A total of 1229 samples, including 406 bovine hides and 406 corresponding carcasses at the slaughter level, as well as 417 beef meat from local supermarkets, were tested for the presence of Salmonella sp. Eighteen (1.5%) samples were positive for the target microorganism, and the highest prevalence (2.2%) was found in meat, followed by carcasses (1.2%) and hides (1.0%). Among the isolated strains, Salmonella enterica serotypes Enteritidis (six isolates) and Schleissheim (six strains), followed by Dublin (four contaminated samples) were the most predominant. The antimicrobial resistance analysis against nine antimicrobials with the MIC technique revealed that most isolates were sensitive to all antibacterial agents. However, one S. Typhimurium of carcass origin was multidrug resistant, and displayed the resistance to four antimicrobials, i.e. ampicillin, streptomycin, tetracycline, and sulphametoxazole. Furthermore, one S. Enteritidis (from carcasses), two S. Dublin (of beef origin), and one S. London (from meat) strains were resistant to sulphametoxazole. The restriction enzyme analysis with XbaI resulted in eight different PFGE types. The obtained results suggest that cattle may be an underestimated source of pathogenic Salmonella for consumers.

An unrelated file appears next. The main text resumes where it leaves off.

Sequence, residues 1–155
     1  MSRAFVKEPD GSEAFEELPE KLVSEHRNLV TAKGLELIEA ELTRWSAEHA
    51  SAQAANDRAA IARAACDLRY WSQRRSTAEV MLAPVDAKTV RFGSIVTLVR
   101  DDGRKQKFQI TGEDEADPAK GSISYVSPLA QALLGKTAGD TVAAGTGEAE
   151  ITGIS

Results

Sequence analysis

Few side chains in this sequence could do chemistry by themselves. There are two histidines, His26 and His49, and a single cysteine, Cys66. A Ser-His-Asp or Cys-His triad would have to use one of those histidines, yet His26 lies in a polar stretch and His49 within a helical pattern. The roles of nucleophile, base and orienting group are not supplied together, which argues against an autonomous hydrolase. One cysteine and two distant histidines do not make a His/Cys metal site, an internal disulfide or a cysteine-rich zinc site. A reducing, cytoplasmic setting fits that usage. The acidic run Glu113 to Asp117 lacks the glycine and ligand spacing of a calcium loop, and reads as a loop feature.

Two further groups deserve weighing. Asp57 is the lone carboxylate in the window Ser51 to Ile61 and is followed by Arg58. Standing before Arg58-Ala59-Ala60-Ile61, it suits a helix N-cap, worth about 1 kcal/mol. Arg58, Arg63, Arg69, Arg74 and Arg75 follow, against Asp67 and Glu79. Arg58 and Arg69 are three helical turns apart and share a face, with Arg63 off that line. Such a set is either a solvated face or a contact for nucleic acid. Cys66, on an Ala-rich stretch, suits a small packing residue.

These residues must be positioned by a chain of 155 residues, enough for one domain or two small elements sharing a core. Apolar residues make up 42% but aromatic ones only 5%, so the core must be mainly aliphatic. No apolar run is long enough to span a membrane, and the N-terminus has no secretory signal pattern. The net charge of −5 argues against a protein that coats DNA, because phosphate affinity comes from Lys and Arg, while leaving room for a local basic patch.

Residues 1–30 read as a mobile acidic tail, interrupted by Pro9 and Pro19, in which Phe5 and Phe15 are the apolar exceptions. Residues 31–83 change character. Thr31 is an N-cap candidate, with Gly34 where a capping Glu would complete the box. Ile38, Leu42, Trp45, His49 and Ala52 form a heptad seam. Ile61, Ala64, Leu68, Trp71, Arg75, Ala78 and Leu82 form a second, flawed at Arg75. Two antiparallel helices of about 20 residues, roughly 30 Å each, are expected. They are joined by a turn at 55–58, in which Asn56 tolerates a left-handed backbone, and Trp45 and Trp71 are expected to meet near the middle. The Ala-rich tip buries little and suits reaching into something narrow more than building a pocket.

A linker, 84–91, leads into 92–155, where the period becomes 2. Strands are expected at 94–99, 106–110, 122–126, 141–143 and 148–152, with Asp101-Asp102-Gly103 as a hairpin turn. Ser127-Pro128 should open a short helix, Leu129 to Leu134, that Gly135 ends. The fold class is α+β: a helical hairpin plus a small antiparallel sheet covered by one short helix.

A total of 2668 swabs from poultry (n = 2166), pig (n = 311), and cattle (n = 191) carcasses were collected in slaughterhouses all over Poland and tested for the presence of Campylobacter. It was found that 1319 (49.4%) of them were contaminated with these bacteria. The percentages of the positive samples were different in each year of the study and the highest proportion of Campylobacter contaminated samples occurred in 2009, when 64.1% of investigated carcasses were positive. On the other hand, the lowest prevalence of Campylobacter was observed in 2013, in the last year of the survey. In all kind of carcass samples both C. jejuni and C. coli were identified, although the pork meat was more contaminated with C. coli (75.3% of positive samples) than with C. jejuni (24.7%), whereas poultry was nearly equally positive for C. jejuni and C. coli (50.6% and 49.4% respectively). The analysis of seasonal contamination of the carcasses revealed that more positive results were found during the second half of year than between January and June. The prevalence of Campylobacter showed that in all provinces, except one (Pomorskie), the mean percentage of the positive samples was above 40%. The most contaminated samples were identified in Lubelskie (69.3%) and Zachodniopomorskie (66.3%) regions. The obtained results showed that slaughtered animals in Poland, especially broilers, were often contaminated with Campylobacter, either C. jejuni or C. coli.